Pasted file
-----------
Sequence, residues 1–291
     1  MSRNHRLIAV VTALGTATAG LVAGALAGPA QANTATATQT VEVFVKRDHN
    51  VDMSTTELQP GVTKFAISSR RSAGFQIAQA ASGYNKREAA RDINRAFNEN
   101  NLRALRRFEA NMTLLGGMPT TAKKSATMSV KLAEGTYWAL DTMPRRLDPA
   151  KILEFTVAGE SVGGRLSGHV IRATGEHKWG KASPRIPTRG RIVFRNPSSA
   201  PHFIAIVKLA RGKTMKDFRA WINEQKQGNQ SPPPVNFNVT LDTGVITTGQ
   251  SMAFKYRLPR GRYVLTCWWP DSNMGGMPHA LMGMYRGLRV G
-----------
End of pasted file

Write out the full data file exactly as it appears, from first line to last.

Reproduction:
Sequence, residues 1–291
     1  MSRNHRLIAV VTALGTATAG LVAGALAGPA QANTATATQT VEVFVKRDHN
    51  VDMSTTELQP GVTKFAISSR RSAGFQIAQA ASGYNKREAA RDINRAFNEN
   101  NLRALRRFEA NMTLLGGMPT TAKKSATMSV KLAEGTYWAL DTMPRRLDPA
   151  KILEFTVAGE SVGGRLSGHV IRATGEHKWG KASPRIPTRG RIVFRNPSSA
   201  PHFIAIVKLA RGKTMKDFRA WINEQKQGNQ SPPPVNFNVT LDTGVITTGQ
   251  SMAFKYRLPR GRYVLTCWWP DSNMGGMPHA LMGMYRGLRV G